Saturday, December 12, 2015

Hanukkah- Oil The Good Things

First the students enjoyed the story of the oil miraculously lasting for eight days.
Then they used 'real' clay to make their own small [oil] pitcher. 

Hopefully yours made it home. They were VERY delicate. It is truly miraculous that even one survived in the Beit Hamikdash.

Then we explored oil.
The students compared three very different types of oil, using their five sense.

The students like olive oil, but were most impressed by the "sesame noodle one".

Then we did a science experiment with the oils.

The students examined a vessel of water. The students discussed many of the properties of water, where it is found, and the many ways water is needed. Everyone enjoyed naming another living creature that needs water. "And for swimming lessons!" Michal added. "We NEED water for swimming lessons."

We looked at oil and discussed its properties. Everyone said it was important for cooking. "But I don't want the sesame noodle one in a cookie. That wouldn't taste right," Chaya pointed out. 

Each student got a cup with a small amount of oil. They selected a food coloring bottle and added 3 drops to their oil. 

The students gently stirred the color and oil.
Then it was time for the magic.
Using a pipette, the students dropped their solutions into the water. 


The colors slowly disperse, in a very beautiful way.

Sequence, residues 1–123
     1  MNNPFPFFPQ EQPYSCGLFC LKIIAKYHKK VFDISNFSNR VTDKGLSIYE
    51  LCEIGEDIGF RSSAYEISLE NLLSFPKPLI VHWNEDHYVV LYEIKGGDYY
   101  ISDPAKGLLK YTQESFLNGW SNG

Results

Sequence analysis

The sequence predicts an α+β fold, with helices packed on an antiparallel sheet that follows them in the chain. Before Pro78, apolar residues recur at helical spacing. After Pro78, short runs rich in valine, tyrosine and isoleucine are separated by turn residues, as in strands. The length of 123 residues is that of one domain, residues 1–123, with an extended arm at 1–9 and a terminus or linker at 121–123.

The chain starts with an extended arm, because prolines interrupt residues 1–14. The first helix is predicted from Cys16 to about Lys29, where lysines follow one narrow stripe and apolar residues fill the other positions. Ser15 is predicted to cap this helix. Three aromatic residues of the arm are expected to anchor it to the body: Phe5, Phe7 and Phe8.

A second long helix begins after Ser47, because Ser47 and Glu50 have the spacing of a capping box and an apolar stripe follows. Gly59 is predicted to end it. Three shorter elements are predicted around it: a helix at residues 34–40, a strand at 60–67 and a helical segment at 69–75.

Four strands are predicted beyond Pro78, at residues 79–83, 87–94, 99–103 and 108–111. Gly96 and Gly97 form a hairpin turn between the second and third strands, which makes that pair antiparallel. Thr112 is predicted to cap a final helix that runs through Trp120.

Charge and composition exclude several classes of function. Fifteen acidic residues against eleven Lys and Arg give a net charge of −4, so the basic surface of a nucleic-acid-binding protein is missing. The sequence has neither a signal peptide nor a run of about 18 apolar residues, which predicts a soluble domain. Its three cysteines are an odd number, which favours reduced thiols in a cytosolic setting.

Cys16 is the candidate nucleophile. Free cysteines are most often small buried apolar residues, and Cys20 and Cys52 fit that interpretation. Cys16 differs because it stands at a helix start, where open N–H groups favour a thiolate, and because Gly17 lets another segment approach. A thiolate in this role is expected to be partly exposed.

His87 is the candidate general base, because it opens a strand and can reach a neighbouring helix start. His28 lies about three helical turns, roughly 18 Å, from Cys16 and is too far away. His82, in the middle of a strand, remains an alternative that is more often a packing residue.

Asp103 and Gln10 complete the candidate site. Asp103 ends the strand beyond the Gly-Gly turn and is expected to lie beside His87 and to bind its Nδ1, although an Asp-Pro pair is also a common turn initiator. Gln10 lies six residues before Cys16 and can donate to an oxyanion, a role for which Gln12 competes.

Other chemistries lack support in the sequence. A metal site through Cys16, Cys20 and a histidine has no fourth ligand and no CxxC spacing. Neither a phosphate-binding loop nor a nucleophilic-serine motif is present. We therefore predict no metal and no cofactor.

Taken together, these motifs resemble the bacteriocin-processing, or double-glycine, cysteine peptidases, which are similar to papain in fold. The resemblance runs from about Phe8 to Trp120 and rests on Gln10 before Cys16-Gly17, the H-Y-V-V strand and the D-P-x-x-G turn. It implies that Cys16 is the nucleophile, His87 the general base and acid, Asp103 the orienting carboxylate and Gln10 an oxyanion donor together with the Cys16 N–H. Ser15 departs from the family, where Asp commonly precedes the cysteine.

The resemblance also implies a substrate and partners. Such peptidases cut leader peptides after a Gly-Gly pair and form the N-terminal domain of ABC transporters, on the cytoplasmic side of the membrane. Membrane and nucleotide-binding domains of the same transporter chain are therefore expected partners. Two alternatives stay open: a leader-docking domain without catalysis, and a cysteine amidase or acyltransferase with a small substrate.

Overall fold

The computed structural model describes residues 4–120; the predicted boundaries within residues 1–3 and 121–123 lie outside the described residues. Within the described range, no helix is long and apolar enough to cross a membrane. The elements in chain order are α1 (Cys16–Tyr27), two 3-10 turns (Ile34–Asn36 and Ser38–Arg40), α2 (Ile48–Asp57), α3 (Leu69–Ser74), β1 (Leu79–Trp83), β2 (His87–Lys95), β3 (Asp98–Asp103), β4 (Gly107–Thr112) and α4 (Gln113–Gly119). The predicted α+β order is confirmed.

We used the remaining oil and food dye to make art. They dripped the color onto sevivon shaped papers.

The squeezing is great for artistic fun, fine motor coordination, and muscular development in pincher fingers. 

We ended the day by eating oily bumuelos. Only the real Sephardi kids liked them. Many kids wouldn't try them and those who did threw them in the garbage after a bite. :(. 
I can teach many topics, but not taste. :)

Tuesday, December 1, 2015

Black Ice Fun

All grown ups are terrified by the prospect of driving on black ice.
But children love playing on it!
When I first realized there was ice on the playground, I worried about safety. But instead of forbidding the area, the children were cautioned so they had the opportunity to experience and learn.
First they were hesitant.

Then they loved it.
Then they fell.
No one cried from their fall because they were informed and prepared for the danger.